He begins his post by giving a quick synopsis of a book called Four Views on the Spectrum of Evangelicalism. If you’re interested in the book, you can jump over to Arthur’s blog and read what he says.
The point that I want to bring out comes at the end of the synopsis. Arthur says that the four contributors to that book assume disunity, not only among the church as a whole, but even among the sub-group called “Evangelicals.” Arthur explains, “All of these conversations invariably work within a framework where the church has just decided to shrug our collective shoulders, throw up our collective hands and just accept disunity and assume it is normal and unavoidable.”
How does Arthur respond to this?
I reject this. I don’t reject it because I think it is not the reality on the ground and has been for centuries. I reject assumed disunity because it is something that the Gospel simply demands that we reject and overcome. There is simply no way to read the New Testament and come away with practices that lead to a disunified church made of up thousands of competing local churches. The New Testament spends a ton of time breaking down the walls between believers and we have promptly spent the last two thousand years building them right back up in new, innovative ways.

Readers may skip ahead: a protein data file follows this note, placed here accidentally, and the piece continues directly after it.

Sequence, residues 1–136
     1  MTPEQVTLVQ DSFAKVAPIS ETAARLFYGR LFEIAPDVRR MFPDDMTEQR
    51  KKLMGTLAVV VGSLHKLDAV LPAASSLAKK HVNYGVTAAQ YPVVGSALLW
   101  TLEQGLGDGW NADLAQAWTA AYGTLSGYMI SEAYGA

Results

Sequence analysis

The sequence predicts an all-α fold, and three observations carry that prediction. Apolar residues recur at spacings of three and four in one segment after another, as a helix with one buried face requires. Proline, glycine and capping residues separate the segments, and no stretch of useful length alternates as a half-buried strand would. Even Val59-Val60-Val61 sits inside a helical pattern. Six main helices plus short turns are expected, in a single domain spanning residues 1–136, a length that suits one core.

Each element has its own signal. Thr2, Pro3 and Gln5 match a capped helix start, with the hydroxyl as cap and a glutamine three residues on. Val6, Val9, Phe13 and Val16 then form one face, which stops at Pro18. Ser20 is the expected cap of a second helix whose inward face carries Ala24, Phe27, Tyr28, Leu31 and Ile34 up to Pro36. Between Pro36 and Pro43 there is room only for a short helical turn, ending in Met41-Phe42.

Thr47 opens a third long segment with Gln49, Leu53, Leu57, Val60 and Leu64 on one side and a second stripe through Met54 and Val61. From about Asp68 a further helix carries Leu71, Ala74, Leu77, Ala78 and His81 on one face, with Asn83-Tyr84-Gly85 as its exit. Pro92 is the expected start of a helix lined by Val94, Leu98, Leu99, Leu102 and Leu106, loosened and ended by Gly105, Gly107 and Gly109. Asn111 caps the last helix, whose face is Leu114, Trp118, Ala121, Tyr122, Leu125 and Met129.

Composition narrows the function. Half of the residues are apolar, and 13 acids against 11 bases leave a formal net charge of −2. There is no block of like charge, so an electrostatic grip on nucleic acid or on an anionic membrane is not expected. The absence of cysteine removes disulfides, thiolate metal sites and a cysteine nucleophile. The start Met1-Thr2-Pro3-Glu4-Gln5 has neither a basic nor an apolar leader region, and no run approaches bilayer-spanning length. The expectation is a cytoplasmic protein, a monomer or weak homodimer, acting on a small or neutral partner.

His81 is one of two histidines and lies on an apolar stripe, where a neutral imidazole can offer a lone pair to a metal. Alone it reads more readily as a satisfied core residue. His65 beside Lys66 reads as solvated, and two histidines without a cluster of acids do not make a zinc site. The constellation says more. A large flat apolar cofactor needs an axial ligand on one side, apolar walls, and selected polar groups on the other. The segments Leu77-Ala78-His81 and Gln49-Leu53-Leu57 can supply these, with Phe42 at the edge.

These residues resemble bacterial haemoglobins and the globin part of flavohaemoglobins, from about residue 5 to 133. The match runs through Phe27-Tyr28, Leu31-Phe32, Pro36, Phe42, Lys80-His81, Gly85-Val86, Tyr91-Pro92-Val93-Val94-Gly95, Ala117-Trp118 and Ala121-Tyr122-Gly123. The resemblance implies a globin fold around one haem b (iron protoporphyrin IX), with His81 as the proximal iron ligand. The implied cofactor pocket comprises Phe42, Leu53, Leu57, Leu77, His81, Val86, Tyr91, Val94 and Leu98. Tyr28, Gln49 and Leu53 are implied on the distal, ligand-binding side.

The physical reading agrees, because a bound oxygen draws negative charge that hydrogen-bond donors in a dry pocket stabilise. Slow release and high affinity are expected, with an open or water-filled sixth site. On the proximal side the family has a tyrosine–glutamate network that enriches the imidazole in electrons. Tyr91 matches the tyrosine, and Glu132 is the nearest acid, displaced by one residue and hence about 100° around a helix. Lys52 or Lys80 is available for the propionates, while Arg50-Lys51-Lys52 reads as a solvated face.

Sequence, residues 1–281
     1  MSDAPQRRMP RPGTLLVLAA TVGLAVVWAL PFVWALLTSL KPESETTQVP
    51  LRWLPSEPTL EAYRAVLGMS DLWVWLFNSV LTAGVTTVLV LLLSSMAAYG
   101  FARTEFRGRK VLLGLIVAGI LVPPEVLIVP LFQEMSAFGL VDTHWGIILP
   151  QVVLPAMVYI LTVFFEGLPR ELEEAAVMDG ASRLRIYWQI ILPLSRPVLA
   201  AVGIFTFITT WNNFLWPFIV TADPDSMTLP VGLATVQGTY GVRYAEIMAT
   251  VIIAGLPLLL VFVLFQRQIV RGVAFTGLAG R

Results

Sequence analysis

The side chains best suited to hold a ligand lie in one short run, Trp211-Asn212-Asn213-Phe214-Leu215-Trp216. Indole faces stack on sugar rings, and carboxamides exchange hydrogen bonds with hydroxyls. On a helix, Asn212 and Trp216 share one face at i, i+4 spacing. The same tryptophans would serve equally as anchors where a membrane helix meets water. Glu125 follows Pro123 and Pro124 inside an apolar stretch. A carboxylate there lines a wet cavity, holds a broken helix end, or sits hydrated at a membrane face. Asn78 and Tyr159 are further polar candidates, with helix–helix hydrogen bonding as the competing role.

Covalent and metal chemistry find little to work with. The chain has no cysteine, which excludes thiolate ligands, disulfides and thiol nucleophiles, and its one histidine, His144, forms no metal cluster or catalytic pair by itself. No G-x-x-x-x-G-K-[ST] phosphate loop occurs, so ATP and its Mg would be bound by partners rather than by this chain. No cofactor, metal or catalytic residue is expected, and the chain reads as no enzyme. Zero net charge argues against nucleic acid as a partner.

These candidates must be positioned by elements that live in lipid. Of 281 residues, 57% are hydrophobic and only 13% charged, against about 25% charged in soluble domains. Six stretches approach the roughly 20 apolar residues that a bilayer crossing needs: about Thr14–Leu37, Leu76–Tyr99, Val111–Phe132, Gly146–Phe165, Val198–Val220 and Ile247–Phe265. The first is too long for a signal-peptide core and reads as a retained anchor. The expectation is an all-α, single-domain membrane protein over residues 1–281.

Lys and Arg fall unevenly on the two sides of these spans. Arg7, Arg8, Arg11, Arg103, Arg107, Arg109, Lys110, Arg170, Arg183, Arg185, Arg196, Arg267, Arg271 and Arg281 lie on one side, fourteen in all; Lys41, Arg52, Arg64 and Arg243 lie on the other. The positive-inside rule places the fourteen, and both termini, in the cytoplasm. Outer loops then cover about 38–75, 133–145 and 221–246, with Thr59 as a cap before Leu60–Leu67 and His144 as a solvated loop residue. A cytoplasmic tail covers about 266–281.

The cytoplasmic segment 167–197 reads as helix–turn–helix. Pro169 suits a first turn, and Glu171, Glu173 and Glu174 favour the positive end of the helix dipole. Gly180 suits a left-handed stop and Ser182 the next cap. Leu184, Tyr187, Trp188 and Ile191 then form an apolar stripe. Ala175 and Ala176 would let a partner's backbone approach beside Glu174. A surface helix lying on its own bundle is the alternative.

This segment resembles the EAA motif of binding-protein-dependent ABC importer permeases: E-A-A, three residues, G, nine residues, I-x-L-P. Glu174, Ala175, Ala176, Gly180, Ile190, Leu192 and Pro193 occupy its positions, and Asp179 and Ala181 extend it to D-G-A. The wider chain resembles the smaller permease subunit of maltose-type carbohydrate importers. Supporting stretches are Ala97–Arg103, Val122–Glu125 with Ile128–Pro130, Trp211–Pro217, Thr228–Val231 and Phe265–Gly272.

Think about this for a moment… What would happen if we assumed unity in Christ instead of assuming disunity based on our traditions and backgrounds and interpretations? Is that even possible? I think it is…
In fact, I want to expressly state something that I hope has been apparent through my blog posts: If I disagree with you, or if you disagree with me, I do not automatically assume that we are divided from one another because of that (those) disagreement(s). Instead, my first assumption is that we are united in Christ – brothers and sisters – whose bond is stronger than flesh and blood and able to withstand our disagreement.
Idealistic? Maybe. But, like Arthur, I believe that the gospel demands our unity in Christ, and I will seek to live in it.